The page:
Getting strong is simple, but not easy.
Here’s a simple guide to help you program your strength training.
If you are reading this, you are here because you are interested in strength training. You want to learn how to become stronger more effectively. When it comes to strength training there are a few principles that we must prioritise to get the best results possible. The aim of this post is to give you a better understanding of what the best exercises are to build strength, how often you should be training, and the actual meaning of intensity in strength training.
Let’s begin with the best bang for your buck exercises. These are the exercises/movement patterns that will guarantee the best results for general health, sports performance, longevity, and all-in-all making you a stronger human being. These exercises are basic but very demanding. They offer a great opportunity for you to increase your muscle mass, lose body fat and of course get very strong.
The movement patterns that are going to help you build the most strength are squats, deadlifts, pulling and pushing exercises.
Here are some examples:
- Squat (Back squat, front squat, goblet squat, overhead squat, etc)
- Deadlift/Hinge (conventional deadlift, Romanian deadlift, Sumo deadlift, rack pulls, etc)
- Push (Push ups, dips, overhead pressing, bench pressing, etc)
- Pull (Chin ups, pull ups, rows, pull downs, pull overs)
- Core (ab rollouts, heavy carries, Hanging leg raises, Pallof press, planks, etc)
Now, that we’ve established the best exercises needed, let’s talk about the variables that come in to play when participating in strength training.
- Volume – The amount of work you do (I.e. sets and reps)
- Frequency – How often you train a movement, or body part, usually over the course of a week or month
- Intensity – How heavy you are lifting in a given session. How close you are to your one rep max effort
- Tempo – The speed in which you perform a repetition or set
- Rest period – How much rest between sets
Below are some key principles that you can apply that will give you great results:
- Strength train 3-5 days per week
- Pick 3-5 exercises per training session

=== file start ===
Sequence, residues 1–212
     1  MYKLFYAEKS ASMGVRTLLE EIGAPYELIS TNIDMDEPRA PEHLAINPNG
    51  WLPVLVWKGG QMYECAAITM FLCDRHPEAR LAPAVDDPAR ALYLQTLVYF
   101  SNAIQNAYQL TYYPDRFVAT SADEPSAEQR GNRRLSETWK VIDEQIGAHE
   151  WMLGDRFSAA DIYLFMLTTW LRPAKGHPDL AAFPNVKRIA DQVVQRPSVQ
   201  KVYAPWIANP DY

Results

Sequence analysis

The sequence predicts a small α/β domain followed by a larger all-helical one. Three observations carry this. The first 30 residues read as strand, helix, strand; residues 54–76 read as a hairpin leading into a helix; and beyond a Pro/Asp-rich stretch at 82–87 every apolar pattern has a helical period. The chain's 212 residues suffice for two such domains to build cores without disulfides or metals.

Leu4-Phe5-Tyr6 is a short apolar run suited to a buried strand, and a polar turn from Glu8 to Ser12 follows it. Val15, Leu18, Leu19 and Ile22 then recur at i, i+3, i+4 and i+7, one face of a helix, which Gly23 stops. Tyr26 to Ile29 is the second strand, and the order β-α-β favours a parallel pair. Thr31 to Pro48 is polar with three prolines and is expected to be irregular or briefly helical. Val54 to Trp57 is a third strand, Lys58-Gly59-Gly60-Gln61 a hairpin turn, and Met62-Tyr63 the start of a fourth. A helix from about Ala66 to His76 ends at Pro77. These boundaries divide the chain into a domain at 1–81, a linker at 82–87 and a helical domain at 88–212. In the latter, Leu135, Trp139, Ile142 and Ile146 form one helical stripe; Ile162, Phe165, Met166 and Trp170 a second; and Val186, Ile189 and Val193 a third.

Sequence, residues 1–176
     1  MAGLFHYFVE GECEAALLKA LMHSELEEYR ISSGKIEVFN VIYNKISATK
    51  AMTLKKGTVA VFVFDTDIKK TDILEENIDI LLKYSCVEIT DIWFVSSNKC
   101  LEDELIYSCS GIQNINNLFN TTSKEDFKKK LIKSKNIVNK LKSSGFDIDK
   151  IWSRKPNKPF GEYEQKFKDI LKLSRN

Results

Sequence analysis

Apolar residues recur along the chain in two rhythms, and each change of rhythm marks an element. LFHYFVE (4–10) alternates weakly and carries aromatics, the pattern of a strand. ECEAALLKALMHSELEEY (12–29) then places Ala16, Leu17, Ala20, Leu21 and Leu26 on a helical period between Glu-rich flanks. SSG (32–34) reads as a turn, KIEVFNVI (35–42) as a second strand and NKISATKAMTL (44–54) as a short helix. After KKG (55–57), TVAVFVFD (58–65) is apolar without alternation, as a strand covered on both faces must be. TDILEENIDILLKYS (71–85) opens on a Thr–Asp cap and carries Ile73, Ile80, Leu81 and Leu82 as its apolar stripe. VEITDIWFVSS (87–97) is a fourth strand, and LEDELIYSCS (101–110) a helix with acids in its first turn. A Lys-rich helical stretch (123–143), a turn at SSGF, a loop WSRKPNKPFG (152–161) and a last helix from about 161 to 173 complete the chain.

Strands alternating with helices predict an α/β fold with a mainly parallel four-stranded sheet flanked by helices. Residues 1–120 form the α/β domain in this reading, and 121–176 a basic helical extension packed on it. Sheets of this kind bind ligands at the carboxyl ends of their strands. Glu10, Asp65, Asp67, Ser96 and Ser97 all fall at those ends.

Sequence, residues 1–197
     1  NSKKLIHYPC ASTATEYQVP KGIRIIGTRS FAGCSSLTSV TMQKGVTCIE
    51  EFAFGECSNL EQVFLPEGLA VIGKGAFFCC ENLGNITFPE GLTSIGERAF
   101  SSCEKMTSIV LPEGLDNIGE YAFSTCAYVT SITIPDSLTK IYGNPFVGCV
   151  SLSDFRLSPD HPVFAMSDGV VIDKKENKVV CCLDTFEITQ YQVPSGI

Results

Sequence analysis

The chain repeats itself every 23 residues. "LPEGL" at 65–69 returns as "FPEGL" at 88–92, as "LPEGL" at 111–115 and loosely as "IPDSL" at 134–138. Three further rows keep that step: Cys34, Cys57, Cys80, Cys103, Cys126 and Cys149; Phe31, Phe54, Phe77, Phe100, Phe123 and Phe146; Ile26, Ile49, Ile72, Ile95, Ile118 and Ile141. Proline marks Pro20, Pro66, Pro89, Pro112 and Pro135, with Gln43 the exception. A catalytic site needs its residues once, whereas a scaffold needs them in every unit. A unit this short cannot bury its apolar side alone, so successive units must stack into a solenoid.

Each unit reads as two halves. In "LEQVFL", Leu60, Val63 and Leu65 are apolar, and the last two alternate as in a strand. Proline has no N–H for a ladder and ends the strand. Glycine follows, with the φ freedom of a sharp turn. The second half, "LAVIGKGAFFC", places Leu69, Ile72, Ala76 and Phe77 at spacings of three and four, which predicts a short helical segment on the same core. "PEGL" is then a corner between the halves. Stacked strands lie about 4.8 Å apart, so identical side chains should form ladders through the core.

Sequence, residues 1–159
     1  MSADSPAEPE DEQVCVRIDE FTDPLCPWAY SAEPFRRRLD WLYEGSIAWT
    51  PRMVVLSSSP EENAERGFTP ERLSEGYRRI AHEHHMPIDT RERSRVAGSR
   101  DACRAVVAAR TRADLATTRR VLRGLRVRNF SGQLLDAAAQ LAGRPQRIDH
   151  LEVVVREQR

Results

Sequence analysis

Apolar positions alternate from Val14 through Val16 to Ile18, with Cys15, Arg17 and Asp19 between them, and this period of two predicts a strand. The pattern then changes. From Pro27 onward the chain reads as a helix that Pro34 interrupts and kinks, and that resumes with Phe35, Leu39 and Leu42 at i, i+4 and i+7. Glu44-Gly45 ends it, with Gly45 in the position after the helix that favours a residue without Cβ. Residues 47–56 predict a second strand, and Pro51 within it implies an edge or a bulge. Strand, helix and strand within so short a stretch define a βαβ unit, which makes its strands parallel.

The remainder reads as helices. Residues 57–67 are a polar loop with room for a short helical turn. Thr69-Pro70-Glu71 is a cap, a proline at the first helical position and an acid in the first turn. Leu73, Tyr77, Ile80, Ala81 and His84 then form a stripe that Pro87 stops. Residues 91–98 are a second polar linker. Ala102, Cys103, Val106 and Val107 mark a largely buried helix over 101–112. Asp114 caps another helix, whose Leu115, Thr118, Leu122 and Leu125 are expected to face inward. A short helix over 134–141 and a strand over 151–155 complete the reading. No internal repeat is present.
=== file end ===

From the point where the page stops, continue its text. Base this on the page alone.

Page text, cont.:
- Do 3-5 sets of 3-5 reps of your main compound exercises followed by 3-5 sets of 6-15 reps for accessory movements if needed
- Control the movement
- Rest anywhere from 2-5 minutes in between sets
We must ensure that we have a progressive and systematic program in place. Progressive overload is pivotal when training for strength. In fact, Progressive overload is an essential necessity in any sort of training program. It is the process in which we increase weight, the amount of work we do, or how often we train, gradually overtime. For this reason, it’s imperative to understand volume, intensity and frequency fluently to get the best out of your training program.
Here are some final key points that will also help you with your training:
- Focus on progressive overload
- Basic compound lifts work the best
- Eat enough high quality protein
- Make sure you are eating enough calories
- Sleep 7-8 hours every night
- Full range of motion on every exercise
- A very controlled tempo will help build strength faster
- Mobilise and warm up before every training session
- Be consistent
Below is an example of a lower and upper body strength session:
LOWER BODY STRENGTH DAY:
A1) Barbell Back Squat – 5×5 @ 80% 1RM (2-3 minutes rest)
B1) Nordic Curl – 3×5 (2 minutes rest)
C1) Barbell Romanian Deadlift – 3×6 @ RPE 8
C2) Dumbbell Bulgarian Split squat – 3×6 on each leg (1-2 minutes rest)
D1) Prone Hamstring curl 2×8
D2) Single leg standing calf raise 2×15 each leg
UPPER BODY STRENGTH DAY:
A1) Barbell Overhead Press – 5×5 @ 80% 1RM (2-3 minutes rest)
B1) Barbell Bent Over Row – 5×5 @ RPE 8 (2 minutes rest)
C1) Weighted Dips – 4×6-8
C2) Neutral Grip Chin Up – 4×6-8 (90 seconds – 2 minutes rest)
D1) Dumbbell Skull Crushers 2×8
D2) Banded Face Pull 2×15 (60 seconds rest)